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Maple Association struggles with dwindling membership

BRATTLEBORO—At the recent annual meeting of the Windham County Maple Association, the very existence of the group was called into question.

But, if the rallying during the business portion of the meeting was any indication, the Windham County Maple Association will survive.

To that end, the group, after holding elections, decided to hold a meeting to make final decisions — and hopefully begin planning for Maplerama 2015 in Windham County. It will take place on Dec. 3 at 6:30 p.m. at the Austine School in Brattleboro. The meeting is open to the public.

Association Delegate Kim Therrien, of Brattleboro’s Therrien Sugarhouse, asked attendees if continuing was worth it due to lagging interest among members, decreased state support, and rising insurance costs “just to have a few meetings and be in the cow parade.”

“We’re not educating the public, so what’s the purpose of this group?” she mused.

With the deadline looming for notifying the Vermont Maple Sugar Makers Association whether Windham County — slated to host next year’s annual Maplerama — would do so, members needed to decide then and there if they wanted to maintain the organization.

Maplerama, a weekend-long festival celebrating Vermont maple syrup, includes tours, food, and entertainment for the general public, and contests and networking for maple sugarers.

Therrien asked the group for ideas on how to increase participation among members, especially around organizing and producing the 2015 Maplerama.

This seemed to rouse the members, as what followed were a number of impassioned speeches in favor of continuing. Although some association members expressed burn-out, elections — and the promise of renewed participation — moved right along.

Read Miller of Dwight Miller & Sons Orchard in Dummerston spoke up first: “If we think we can do [Maplerama], we can do it. I don’t doubt we can do this.”

Miller also reminded the group that advocating for themselves, especially with Canada setting so much of the industry standard, could stave against a “race to the bottom.”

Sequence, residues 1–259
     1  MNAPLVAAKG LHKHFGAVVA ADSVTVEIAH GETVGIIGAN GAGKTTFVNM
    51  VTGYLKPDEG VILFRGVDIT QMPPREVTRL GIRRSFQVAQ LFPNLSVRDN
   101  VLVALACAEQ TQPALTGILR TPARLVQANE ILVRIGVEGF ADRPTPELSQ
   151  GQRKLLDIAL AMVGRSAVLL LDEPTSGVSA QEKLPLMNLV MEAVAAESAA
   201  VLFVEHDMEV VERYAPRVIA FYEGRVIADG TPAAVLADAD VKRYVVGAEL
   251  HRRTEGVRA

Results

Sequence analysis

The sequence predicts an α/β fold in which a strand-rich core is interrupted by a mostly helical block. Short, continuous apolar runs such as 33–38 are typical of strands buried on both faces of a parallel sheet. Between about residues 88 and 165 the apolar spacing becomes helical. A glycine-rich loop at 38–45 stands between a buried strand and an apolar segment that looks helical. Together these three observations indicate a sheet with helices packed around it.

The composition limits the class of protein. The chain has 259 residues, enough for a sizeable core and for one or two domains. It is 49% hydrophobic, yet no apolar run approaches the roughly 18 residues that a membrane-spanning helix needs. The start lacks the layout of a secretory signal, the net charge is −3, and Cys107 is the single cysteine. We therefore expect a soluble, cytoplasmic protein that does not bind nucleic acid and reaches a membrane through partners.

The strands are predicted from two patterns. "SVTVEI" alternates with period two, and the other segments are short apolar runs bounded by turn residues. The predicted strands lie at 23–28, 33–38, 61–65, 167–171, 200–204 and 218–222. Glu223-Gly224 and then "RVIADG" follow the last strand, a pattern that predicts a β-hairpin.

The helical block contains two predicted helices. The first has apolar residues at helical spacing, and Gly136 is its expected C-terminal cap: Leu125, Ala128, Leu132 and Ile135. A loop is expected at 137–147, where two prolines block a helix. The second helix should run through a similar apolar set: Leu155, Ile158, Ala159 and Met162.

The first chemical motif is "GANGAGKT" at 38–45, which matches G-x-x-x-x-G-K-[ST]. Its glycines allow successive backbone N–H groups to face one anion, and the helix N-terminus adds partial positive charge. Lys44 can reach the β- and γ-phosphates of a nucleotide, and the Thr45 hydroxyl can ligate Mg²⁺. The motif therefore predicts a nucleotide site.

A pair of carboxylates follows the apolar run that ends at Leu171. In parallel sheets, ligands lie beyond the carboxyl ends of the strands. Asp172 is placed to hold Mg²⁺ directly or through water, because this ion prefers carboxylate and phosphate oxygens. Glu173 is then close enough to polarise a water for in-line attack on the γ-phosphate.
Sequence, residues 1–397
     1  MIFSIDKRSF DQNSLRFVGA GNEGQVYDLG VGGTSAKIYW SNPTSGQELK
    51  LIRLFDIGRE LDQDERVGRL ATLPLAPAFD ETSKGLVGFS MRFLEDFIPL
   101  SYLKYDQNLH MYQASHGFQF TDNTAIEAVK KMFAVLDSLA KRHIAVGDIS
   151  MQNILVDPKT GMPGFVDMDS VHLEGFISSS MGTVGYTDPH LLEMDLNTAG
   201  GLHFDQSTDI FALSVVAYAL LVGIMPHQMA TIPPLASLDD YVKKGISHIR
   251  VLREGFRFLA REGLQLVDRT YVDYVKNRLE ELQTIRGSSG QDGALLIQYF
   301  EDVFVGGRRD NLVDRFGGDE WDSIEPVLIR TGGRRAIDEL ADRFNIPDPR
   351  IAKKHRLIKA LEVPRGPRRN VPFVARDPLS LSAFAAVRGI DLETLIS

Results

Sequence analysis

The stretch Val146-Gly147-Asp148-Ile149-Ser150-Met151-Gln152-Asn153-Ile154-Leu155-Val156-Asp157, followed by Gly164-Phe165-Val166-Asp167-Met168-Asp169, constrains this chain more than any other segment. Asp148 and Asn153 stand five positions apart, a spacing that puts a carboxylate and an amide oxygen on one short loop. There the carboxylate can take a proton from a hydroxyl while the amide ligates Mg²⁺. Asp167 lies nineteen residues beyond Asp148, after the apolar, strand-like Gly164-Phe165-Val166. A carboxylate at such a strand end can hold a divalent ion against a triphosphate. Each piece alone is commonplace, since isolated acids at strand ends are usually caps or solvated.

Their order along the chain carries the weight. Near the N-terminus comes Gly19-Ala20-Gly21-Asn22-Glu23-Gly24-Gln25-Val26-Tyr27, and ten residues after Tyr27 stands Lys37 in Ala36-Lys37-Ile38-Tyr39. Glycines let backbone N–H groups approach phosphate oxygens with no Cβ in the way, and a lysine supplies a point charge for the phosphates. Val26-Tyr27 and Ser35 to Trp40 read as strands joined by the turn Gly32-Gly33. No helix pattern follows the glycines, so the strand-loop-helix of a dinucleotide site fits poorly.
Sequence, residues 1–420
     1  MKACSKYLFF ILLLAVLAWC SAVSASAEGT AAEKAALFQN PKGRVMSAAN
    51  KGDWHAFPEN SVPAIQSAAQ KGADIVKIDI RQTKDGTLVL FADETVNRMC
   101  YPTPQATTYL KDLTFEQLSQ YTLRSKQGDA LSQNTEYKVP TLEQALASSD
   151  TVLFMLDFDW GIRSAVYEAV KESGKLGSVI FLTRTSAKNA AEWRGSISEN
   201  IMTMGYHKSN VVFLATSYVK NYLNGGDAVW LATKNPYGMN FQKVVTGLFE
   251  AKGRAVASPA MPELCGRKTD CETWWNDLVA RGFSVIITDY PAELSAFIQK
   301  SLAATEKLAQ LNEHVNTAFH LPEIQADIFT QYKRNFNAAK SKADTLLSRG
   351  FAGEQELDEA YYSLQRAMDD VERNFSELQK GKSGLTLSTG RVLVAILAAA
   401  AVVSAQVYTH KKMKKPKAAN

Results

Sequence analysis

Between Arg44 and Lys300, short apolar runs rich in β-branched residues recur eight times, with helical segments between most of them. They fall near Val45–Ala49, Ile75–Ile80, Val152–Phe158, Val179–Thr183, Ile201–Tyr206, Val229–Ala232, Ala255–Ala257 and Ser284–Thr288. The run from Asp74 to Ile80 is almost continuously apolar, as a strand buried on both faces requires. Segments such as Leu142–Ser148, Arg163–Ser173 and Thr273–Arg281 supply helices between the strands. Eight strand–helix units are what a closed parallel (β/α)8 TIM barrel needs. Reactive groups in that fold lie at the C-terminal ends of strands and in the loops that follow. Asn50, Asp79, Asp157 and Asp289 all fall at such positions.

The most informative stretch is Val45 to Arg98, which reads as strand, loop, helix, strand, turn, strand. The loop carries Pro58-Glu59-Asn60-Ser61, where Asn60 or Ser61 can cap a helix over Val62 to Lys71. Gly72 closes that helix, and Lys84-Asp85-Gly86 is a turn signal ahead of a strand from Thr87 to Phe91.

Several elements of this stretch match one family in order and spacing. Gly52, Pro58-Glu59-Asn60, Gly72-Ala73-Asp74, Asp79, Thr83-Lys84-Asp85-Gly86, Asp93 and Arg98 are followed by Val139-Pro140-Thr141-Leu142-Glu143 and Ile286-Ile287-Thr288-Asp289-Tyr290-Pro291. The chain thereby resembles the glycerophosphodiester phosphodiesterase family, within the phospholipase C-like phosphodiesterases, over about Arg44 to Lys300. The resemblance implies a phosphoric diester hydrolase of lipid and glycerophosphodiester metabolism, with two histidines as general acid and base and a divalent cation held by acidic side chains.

“We have to know what’s happening to us,” Miller asserted, stressing the importance of knowing how the price for maple syrup is set.

Franklin Geist, who began sugaring in 1967, is the association’s former director. He also pushed for self-advocacy.

“Windham County has a say in the state. We have more small sugarmakers here,” he said. “If you don’t continue to work together down here, you’re lost in the state maple industry. You must be involved in making the rules and regulations or a small majority will hurt us all.”

Larry Lynch, lifelong resident of Dummerston, offered a financial contribution toward producing Maplerama in Windham County.

He also cautioned against the dangers of bureaucracy with a tale from his childhood on a small dairy farm.

Lynch reminisced about the daily ritual of lugging 10-gallon milk cans to the local creamery in Brattleboro. By the 1950s the milk can gave way to the refrigerated bulk tank that the large dairies required farmers to use to keep milk cold before it was picked up a tanker truck.

Lynch said when H.P. Hood sent all the dairy farms a letter saying “no more milk cans,” farmers either bought a bulk tank or got out of dairying.

“It put many small farms out of business,” he said.

Worried about how certification and big-business consolidation could put small maple producers out of business, Lynch also encouraged members to band together for support and advocacy.

“We need to understand who we are and what we have to support ourselves and our industry,” Miller reminded the group. “This name — Vermont maple syrup — was given to us by our forefathers and it’s up to us to continue it.”

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Originally published in The Commons issue #280 (Wednesday, November 12, 2014). This story appeared on page A4.

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